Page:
Arpey Heads to Operations Center, Learns Details of Hijacking - Arpey briefs his executive assistant on what he has learned about the trouble on Flight 11. [Wall Street Journal, 10/15/2001; 9/11 Commission, 1/27/2004] He then heads to the SOC, along with Dan Huffman, American Airlines’ senior vice president of maintenance and engineering. [9/11 Commission, 1/8/2004 pdf file] The SOC is about a mile away from the airline’s headquarters, and Arpey will recall that he arrives there at between 8:35 a.m. and 8:40 a.m. After he reaches the SOC, managers there tell him they are now treating Flight 11 as a confirmed hijacking. Arpey is told that the plane’s pilots are still not responding to calls from the flight attendants and that Ong said a passenger in first class had been stabbed, possibly fatally (see 8:33 a.m. September 11, 2001). He learns that the FAA has notified the airline that, instead of heading west on its intended flight path, Flight 11 is heading south; the plane’s transponder has been turned off; and the pilots are not responding to radio calls (see 8:29 a.m. September 11, 2001). [9/11 Commission, 1/27/2004] Arpey also learns that airline managers are setting up the System Operations Command Center in order to deal with the emergency (see (Between 8:40 a.m. and 8:55 a.m.) September 11, 2001), and because they are doing this, he will say, he “knew that they had concluded the incident was real.” [9/11 Commission, 1/8/2004 pdf file; 9/11 Commission, 8/26/2004, pp. 12] As executive vice president of operations, Arpey is responsible for American Airlines’ worldwide flight operations, and he will therefore be directly involved in the airline’s subsequent emergency response efforts and other operational decisions throughout the day. [9/11 Commission, 1/27/2004]

Entity Tags: Gerard Arpey, Don Carty, Dan Huffman, American Airlines, Joseph Bertapelle

Timeline Tags: Complete 911 Timeline, 9/11 Timeline

Nydia Gonzalez, a supervisor at the American Airlines Southeastern Reservations Office in Cary, North Carolina, tells colleagues of hers to keep the information they have received about the hijacking of Flight 11 to themselves. [American Airlines, 9/11/2001, pp. 7-19] Gonzalez and two of her colleagues—Vanessa Minter and Winston Sadler—are on the phone with Betty Ong, a flight attendant on Flight 11 who called the reservations office to report the hijacking of her plane (see 8:18 a.m. September 11, 2001, 8:19 a.m. September 11, 2001, and 8:21 a.m. September 11, 2001). [Federal Bureau of Investigation, 9/12/2001, pp. 38-41; 9/11 Commission, 7/24/2004, pp. 5, 453] Gonzalez reassures Ong, telling her, “Okay, sweetie… we’ve got security working on [dealing with the hijacking] right now.” [American Airlines, 9/11/2001, pp. 7-19] (Gonzalez is referring to the fact that she has contacted the American Airlines System Operations Control center in Texas and alerted it to the trouble on Flight 11 (see (8:21 a.m.) September 11, 2001). [9/11 Commission, 8/26/2004, pp. 9] ) Gonzalez adds, “We’re gonna maintain this line open as much as we can.” Presumably addressing all of the other participants in the call—Ong, Minter, and Sadler—she then says: “We don’t want to spread anything around. Okay?” The others apparently agree to keep quiet about the hijacking, as Gonzalez responds to them, “Excellent.” [American Airlines, 9/11/2001, pp. 7-19]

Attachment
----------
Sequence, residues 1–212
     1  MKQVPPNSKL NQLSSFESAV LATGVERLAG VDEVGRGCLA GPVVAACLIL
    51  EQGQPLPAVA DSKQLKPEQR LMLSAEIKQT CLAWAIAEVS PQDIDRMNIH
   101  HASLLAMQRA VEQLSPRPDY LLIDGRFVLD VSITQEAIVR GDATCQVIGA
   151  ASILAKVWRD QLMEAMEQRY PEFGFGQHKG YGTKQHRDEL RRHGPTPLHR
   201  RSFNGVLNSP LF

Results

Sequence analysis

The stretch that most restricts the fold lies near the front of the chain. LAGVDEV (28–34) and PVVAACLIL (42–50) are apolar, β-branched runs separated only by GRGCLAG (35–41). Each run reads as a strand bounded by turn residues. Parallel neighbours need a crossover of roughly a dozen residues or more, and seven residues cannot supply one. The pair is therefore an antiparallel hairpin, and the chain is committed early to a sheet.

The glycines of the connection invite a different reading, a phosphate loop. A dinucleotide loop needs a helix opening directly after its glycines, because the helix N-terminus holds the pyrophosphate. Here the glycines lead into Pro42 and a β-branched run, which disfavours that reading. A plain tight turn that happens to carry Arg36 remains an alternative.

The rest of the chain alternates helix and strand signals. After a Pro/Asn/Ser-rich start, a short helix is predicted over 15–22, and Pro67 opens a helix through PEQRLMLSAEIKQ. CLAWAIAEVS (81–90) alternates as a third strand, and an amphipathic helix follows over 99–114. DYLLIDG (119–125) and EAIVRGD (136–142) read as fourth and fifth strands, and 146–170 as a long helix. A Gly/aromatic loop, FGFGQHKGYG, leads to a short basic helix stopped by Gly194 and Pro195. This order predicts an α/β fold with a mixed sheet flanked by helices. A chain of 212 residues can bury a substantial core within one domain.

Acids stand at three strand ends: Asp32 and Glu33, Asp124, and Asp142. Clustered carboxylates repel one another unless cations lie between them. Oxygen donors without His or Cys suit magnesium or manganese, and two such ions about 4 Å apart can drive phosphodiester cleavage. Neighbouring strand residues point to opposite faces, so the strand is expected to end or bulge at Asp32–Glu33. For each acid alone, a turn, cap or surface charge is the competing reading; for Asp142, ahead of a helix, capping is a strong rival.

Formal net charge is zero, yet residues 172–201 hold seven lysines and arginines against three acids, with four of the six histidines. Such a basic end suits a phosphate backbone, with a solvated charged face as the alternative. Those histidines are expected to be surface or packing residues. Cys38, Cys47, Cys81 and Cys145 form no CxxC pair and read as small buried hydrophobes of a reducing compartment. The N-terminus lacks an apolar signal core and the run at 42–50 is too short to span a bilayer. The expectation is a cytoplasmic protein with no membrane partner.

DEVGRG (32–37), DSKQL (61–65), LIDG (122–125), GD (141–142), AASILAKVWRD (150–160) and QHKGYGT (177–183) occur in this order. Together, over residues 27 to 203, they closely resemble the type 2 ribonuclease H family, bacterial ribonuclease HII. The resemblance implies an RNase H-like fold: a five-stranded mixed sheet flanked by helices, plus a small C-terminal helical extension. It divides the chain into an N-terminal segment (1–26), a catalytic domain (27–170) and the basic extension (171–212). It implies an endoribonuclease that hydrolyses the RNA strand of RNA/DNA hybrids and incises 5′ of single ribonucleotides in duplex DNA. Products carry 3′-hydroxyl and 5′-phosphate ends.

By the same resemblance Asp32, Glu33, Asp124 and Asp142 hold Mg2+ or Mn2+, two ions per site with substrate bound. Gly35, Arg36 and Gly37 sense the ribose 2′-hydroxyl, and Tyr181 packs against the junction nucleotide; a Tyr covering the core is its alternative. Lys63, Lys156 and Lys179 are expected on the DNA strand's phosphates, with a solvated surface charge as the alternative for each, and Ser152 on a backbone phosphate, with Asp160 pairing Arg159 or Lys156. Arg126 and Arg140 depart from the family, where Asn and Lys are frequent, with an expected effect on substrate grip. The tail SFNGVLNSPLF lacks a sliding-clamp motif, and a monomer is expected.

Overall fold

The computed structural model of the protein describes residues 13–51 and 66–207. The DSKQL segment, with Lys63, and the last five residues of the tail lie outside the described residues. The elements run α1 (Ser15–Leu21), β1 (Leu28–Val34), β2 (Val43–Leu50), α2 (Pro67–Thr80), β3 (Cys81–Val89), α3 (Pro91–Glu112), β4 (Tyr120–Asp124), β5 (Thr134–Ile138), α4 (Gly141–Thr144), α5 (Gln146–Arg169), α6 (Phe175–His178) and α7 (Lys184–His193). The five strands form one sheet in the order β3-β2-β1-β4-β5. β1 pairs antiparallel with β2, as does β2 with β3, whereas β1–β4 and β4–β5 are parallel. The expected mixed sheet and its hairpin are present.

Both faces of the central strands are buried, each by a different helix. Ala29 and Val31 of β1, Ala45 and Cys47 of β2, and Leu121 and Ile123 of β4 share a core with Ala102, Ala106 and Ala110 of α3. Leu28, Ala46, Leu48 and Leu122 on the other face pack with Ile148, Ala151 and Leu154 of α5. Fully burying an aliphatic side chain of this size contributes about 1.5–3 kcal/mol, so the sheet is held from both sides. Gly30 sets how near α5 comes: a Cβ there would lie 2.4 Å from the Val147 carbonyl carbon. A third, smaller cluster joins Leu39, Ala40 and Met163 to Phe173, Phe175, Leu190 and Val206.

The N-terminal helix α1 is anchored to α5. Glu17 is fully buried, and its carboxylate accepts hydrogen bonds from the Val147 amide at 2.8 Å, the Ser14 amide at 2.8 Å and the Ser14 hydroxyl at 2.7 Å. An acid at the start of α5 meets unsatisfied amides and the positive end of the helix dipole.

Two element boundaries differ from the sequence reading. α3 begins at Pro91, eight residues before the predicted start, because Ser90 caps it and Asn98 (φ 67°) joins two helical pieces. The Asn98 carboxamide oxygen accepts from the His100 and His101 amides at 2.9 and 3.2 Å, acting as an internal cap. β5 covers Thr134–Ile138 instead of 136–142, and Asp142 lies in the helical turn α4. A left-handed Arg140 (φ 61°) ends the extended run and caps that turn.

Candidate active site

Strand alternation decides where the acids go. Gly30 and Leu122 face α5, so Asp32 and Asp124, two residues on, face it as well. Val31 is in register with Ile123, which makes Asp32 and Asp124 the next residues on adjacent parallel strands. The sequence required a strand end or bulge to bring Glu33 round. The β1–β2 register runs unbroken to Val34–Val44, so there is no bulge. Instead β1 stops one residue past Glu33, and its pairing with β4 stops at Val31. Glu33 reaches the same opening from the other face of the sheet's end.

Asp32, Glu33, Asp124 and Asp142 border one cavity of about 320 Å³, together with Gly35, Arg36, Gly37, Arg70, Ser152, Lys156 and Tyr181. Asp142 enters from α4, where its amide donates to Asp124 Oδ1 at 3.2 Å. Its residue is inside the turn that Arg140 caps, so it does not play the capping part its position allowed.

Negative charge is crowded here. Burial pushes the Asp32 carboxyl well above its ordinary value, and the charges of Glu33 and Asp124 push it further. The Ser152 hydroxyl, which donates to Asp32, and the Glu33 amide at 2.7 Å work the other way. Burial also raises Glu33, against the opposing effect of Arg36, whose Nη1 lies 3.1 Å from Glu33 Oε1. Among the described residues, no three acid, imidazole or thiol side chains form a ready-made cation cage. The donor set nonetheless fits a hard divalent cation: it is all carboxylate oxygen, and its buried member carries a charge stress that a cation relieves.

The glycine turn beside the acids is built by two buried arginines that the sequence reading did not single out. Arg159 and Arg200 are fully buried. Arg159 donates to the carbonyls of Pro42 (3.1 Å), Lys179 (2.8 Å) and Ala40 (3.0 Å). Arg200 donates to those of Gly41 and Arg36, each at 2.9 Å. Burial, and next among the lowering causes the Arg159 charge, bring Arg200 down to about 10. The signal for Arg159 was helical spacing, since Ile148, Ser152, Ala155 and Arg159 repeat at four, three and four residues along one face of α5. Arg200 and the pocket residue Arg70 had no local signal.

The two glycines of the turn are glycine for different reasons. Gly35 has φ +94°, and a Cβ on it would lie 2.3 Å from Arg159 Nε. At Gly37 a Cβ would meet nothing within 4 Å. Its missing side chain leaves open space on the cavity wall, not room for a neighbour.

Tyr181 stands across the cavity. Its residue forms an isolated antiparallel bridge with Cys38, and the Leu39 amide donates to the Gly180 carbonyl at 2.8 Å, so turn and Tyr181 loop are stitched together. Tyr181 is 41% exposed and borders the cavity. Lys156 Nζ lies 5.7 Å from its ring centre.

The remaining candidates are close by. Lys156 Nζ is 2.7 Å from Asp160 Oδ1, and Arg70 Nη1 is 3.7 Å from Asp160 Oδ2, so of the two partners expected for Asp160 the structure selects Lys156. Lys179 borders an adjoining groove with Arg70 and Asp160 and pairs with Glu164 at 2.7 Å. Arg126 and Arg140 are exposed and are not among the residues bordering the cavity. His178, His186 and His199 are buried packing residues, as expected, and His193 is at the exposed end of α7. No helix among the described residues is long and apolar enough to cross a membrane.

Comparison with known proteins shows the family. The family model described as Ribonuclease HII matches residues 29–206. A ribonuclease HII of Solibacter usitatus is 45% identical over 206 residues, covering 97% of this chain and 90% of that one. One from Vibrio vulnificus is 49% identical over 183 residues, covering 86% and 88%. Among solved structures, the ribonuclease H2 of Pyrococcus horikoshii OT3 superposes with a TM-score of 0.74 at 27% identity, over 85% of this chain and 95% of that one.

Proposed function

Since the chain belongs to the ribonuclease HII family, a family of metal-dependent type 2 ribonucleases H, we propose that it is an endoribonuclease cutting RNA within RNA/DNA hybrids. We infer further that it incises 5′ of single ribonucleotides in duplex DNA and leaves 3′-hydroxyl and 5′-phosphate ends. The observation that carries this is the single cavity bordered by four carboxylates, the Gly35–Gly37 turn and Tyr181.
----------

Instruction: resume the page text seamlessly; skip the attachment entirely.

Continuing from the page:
Entity Tags: Winston Sadler, Nydia Gonzalez, Vanessa Minter, Betty Ong

Timeline Tags: Complete 911 Timeline, 9/11 Timeline

Michael Woodward.Michael Woodward. [Source: Discovery Channel]Amy Sweeney, a flight attendant on Flight 11, reaches the American Airlines flight services office at Logan International Airport in Boston for the third time, and, in a phone call lasting 12 or 13 minutes, gives details of the trouble on her plane to a manager there. [9/11 Commission, 8/26/2004, pp. 11; US District Court for the Eastern District of Virginia, Alexandria Division, 7/31/2006] Sweeney has already called the flight services office two times and provided employees there with details of the hijacking of Flight 11, but both calls were cut off after a short time (see 8:25 a.m. September 11, 2001 and 8:29 a.m. September 11, 2001).
Manager Takes Over Answering Call - At 8:32 a.m., Sweeney reaches the office for the third time. [9/11 Commission, 7/24/2004, pp. 6; US District Court for the Eastern District of Virginia, Alexandria Division, 7/31/2006] The call is answered by James Sayer, a staff assistant. But Sayer tells Michael Woodward, an American Airlines flight services manager at Logan Airport, that the caller is Sweeney, and Woodward then takes over the call. Woodward is friends with Sweeney and has known her personally for 10 years. Furthermore, Woodward will tell the 9/11 Commission, Sayer is not trained to handle emergency calls. Woodward asks Sweeney, “Amy, sweetie, what’s going on?” She replies, “Listen to me very, very carefully.” Realizing that Sweeney is going to give him important information, Woodward immediately begins taking notes.